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Foreign Body in Sole of Cattle


Paul R. Greenough

, FRCVS, Western College of Veterinary Medicine, University of Saskatchewan

Last review/revision Sep 2015 | Modified Oct 2022
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A stone or fragment of glass or metal penetrating almost through the sole will cause pain due to pressure on the corium and, if not removed, will lead to infective coriitis.

If the foreign body penetrates through to the corium, infection is introduced to the dermal level, and an abscess develops. The rapidity of onset and severity of the lameness depends to some extent on the location of the sole penetration. In the apical and subapical region, the lesion is located between the distal phalanx and the nonresilient sole. As the abscess develops, interungular pressure increases rapidly. Thus, the onset of lameness is rapid, and pain is severe. Acute lameness may cause the animal to stand with the foot off the ground or with the toe lightly touching. A differential diagnosis is fracture of the distal phalanx.

In the sub-bulbar region, the corium is located between the digital cushion (a flexible structure) and the soft, resilient horn of the bulb. The onset of lameness is relatively slow, and the pain is significant but not severe. The pus in the abscess tends to spread over a wide area through the fascial plane and to cause separation of the skin-horn junction at the heel. A moist discharge from this area may be the first indication of the lesion. This is referred to as "underrunning of the heel," a condition that can be confused with double sole ( see Double Sole in Cattle Double Sole in Cattle Double sole in a beef heifer. In double sole, one sole is present while a new sole grows beneath, ie, there is complete shut-down of horn production for an undetermined short period of time... read more Double Sole in Cattle ).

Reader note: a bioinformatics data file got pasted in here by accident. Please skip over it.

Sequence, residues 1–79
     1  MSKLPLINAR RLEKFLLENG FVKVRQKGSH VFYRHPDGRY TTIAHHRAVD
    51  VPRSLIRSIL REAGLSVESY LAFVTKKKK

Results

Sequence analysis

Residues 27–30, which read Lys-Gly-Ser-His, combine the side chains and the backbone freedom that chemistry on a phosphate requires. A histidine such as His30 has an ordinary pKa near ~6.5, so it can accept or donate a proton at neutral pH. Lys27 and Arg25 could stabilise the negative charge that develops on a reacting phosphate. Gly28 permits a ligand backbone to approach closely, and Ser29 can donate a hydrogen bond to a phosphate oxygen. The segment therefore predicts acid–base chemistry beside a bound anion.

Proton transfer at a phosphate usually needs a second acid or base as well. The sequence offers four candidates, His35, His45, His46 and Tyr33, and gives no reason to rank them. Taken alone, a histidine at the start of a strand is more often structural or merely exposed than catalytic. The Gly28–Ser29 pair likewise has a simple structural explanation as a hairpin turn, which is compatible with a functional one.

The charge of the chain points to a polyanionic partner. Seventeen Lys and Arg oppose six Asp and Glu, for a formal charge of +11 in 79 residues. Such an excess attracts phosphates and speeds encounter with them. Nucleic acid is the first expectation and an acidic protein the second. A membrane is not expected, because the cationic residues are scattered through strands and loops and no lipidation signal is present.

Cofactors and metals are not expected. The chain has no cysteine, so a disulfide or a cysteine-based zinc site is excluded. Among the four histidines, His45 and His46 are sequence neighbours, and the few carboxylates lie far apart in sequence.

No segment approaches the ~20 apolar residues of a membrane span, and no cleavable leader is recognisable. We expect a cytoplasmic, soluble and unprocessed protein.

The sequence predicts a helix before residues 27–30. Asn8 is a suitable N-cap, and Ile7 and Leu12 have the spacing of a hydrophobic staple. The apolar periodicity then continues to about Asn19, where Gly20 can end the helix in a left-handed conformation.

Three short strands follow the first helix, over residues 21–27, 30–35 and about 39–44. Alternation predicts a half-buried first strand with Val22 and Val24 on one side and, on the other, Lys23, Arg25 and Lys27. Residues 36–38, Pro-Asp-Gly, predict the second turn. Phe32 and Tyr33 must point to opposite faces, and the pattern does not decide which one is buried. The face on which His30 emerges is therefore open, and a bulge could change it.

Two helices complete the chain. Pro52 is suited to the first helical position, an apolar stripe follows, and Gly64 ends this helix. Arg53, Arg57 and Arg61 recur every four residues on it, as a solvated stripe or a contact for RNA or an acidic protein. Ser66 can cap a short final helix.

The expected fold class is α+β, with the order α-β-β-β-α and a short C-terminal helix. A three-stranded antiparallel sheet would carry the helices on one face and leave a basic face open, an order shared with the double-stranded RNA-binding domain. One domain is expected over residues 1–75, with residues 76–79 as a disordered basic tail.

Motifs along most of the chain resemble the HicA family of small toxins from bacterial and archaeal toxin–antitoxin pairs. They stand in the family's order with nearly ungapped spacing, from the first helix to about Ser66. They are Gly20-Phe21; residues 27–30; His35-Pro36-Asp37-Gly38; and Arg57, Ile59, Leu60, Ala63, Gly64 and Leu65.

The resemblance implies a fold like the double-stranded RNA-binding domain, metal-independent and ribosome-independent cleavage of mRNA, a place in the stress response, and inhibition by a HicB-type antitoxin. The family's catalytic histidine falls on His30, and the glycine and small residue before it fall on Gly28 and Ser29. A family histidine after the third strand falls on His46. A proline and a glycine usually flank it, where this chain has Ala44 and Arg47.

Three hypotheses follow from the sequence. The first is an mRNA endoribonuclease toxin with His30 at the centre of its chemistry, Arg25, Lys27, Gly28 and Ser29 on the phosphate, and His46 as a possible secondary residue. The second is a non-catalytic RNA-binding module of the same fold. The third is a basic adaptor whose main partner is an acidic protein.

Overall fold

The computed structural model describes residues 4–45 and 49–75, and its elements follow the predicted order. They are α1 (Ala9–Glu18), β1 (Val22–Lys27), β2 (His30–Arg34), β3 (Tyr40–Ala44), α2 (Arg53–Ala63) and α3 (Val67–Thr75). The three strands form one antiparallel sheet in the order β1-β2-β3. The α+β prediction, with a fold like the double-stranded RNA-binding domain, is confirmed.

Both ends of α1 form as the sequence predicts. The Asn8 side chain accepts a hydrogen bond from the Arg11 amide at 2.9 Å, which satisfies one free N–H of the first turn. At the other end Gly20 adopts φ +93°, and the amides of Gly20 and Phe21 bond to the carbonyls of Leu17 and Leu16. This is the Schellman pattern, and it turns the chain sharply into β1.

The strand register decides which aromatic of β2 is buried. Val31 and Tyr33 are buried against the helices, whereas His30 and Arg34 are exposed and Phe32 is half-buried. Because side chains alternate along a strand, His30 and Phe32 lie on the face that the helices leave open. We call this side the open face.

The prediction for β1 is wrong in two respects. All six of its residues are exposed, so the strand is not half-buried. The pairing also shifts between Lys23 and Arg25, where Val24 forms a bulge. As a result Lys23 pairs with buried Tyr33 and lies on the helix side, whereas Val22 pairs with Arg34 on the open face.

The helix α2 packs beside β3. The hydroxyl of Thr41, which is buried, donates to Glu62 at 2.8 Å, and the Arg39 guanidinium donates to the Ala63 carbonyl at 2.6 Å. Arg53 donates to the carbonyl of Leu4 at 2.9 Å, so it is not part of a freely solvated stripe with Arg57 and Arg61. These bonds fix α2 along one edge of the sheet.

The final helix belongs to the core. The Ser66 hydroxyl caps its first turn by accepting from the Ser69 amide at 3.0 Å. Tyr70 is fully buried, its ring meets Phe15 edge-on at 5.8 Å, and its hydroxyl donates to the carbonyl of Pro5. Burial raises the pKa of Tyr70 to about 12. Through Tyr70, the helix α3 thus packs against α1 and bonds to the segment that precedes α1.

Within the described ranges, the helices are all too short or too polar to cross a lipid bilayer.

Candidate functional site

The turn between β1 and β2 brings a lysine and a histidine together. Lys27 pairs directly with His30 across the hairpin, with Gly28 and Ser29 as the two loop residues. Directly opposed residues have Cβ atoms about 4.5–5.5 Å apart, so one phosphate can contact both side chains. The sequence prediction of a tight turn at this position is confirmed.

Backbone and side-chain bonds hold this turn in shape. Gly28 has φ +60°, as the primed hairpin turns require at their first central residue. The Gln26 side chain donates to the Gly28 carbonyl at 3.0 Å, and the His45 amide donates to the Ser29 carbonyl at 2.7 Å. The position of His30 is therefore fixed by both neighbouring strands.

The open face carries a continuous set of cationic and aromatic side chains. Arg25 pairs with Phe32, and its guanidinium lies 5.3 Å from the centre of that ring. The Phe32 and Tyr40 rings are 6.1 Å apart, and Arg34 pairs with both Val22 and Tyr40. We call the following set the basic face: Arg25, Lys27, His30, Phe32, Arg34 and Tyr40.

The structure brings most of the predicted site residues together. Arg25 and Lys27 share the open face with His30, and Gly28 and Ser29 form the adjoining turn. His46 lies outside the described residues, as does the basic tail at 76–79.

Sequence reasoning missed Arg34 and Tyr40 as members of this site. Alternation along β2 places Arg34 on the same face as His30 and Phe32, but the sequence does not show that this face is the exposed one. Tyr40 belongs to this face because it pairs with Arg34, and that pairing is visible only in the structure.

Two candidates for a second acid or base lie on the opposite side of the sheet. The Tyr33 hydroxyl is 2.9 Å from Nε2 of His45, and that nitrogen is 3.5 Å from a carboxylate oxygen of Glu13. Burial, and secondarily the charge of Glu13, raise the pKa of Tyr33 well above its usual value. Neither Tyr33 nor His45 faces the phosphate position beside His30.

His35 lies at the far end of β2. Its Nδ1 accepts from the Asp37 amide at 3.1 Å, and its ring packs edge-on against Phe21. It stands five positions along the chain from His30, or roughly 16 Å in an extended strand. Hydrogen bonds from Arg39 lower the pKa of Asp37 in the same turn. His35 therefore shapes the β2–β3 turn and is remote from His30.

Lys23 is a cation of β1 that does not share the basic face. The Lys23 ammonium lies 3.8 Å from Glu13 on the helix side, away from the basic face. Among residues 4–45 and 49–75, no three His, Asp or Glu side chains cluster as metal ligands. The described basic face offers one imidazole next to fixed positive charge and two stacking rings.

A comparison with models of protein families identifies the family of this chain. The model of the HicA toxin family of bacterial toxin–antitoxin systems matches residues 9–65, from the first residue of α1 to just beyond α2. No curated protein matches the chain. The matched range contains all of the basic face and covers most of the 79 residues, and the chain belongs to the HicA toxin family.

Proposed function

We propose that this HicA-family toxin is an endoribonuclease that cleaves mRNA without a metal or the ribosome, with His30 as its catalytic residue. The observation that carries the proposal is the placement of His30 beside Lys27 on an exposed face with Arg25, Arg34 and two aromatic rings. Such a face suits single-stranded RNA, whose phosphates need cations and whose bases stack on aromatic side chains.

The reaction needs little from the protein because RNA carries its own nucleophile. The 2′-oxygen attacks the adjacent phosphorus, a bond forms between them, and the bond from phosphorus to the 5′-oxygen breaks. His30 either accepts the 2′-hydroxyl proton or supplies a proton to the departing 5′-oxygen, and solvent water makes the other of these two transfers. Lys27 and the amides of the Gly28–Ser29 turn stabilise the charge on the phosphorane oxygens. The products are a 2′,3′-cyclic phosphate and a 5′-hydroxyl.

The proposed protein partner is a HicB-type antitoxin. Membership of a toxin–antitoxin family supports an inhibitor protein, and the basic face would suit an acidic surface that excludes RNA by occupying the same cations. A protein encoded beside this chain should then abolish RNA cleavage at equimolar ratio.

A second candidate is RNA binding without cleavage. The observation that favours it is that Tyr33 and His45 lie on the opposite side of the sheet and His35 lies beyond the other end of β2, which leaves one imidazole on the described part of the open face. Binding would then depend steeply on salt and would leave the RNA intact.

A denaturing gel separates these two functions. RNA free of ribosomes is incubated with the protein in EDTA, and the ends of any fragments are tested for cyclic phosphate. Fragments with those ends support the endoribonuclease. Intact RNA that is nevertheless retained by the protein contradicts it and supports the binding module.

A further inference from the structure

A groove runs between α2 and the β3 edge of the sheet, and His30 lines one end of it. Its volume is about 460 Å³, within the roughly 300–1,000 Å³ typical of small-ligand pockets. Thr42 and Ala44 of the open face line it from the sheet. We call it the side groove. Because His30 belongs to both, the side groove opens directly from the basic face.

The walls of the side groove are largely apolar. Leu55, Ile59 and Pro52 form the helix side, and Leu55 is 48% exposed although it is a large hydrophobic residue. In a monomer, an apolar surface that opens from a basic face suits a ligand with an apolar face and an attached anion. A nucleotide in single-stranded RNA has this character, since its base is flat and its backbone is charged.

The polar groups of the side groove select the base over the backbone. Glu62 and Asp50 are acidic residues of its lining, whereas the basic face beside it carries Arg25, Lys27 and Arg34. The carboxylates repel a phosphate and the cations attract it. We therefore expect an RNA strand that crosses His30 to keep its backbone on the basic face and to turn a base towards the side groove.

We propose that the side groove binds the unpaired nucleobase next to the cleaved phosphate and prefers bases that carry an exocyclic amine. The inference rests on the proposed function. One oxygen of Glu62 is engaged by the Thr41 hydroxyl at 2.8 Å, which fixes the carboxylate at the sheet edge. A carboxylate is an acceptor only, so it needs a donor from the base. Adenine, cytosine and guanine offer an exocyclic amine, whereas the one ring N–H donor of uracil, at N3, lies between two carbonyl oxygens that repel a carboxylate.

The foreign body should be removed and the track cored out to the corium with a fine-pointed hoof knife. Creating a large hole is inappropriate. Pus is often released under considerable pressure. Antibiotic should be squeezed into the cavity, which closes rapidly. The opening should not be plugged but covered with elastic waterproof material to prevent blockage with mud or manure.

Treatment consists of removing the foreign body if still present. The detached horn should not be stripped off in its entirety. Part of the detached horn may be removed, but the abaxial wall must be left intact to bear weight and spare the exposed, newly forming sole. Bandaging may not be required, but the animal should be housed in a well-strawed area for a few days.

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